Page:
Model the formation of new combinations of genotypes

Model the formation of new combinations of genotypes

Model the formation of new combinations of genotypes produced during meiosis, including but not limited to:

  • Interpreting examples of autosomal, sex-linkage, co-dominance, incomplete dominance and multiple alleles (ACSBL085)
  • Constructing and interpreting information and data from pedigrees and Punnett squares

Autosomal Genotype:

  • Combination of genes found in autosomes (chromosomes except for the sex chromosome)
  • For genes on an autosome (any chromosome other than a sex chromosome), the alleles and their associated traits are autosomal dominant or autosomal recessive.
  • Example: A cross was conducted between peas that may be round, associated with allele R, or wrinkled, associated with allele r. In this case, three combinations of alleles (genotypes) are possible: RR, Rr, and rr. The RR individuals have round peas and the rr individuals have wrinkled peas. In Rr individuals the R allele masks the presence of the r allele, so these individuals also have round peas. Thus, allele R is dominant to allele r, and allele r is recessive to allele R.


  • Phenotypic expression of the allele that depends on the sex chromosome.
  • These genes are considered sex-linked because their expression and inheritance patterns differ between males and females.
  • Example: A case study on Haemophilia:
    • Haemophilia is an X linked disorder, meaning that the cause of haemophilia is a mutation in the genes of X chromosome. In females, the X chromosome remains in double copy (XX), so for haemophilia to occur, both the X chromosomes need to have a mutant gene. In males, presence of a single mutant X chromosome (since male sex chromosome has a combination XY) is enough to cause haemophilia.
    • Analysis by Punnett square:
      • Let,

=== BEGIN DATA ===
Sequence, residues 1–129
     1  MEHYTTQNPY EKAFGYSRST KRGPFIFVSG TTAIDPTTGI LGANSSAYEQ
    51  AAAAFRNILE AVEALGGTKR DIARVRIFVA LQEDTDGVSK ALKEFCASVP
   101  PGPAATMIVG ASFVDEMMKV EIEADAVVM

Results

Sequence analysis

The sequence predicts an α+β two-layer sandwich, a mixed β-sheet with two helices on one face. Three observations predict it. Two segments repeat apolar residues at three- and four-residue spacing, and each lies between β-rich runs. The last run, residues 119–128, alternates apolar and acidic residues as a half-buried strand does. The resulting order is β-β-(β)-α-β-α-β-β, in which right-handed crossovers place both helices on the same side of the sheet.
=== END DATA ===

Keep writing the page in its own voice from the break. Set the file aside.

XH = normal functioning X gene
        Xh = haemophilic X gene
Punnett Square

From the above Punnett square, it can be seen that in a cross between a normal male and carrier female, only 25% of the F1 generation are found to haemophilic and are males.


  • A type of gene interaction in which both the alleles are fully expressed resulting in a combined phenotype of both alleles.
  • Example and representation using Punnett square:
    • A cross was conducted between a black Andalusian rooster and a white Andalusian hen.
      BB = genotype for black feathers in chicken
      bb = genotype for white feathers in chicken
      After the cross it was observed that all the offsprings having Bb genotype neither were black nor white rather were black with white spots.
Punnett Square

Incomplete Dominance:

  • In this process of gene interaction, none of the alleles are dominant/fully expressed resulting in the creation of a different phenotype from the parents.
  • Example and representation using Punnett square:
    Cr = genotype for red flower (dominant)
    Cw = genotype for white flower (dominant)
    Both of the genes are dominant in their own locus. When they combine, the flowers having both the genes are neither red nor white rather, they exhibit a pink colour.
    • Punnett Square representation:
Punnett Square

In a cross between a red and a white flower, the resultant F1 generation are all pink flower. Two members of the F1 generation are taken and crossed again to give F2 which will give the following results.

Punnett Square

Multiple Alleles:

  • Three or more alternative forms of an allele that can create a variant number of phenotypes when exist in different numbers.
  • As an example, let’s consider a gene that specifies coat color in rabbits, called the C gene.
  • The C gene comes in four common alleles: C, cch, ch, and c:
    • A CC rabbit has black or brown fur
    • A cchcch, rabbit has chinchilla coloration (grayish fur)
    • A chch rabbit has Himalayan (color-point) patterning, with a white body and dark ears, face, feet, and tail
    • A cc rabbit is albino, with a pure white coat.


Extract from HSC Biology Stage 6 Syllabus. © 2017 Board of Studies NSW.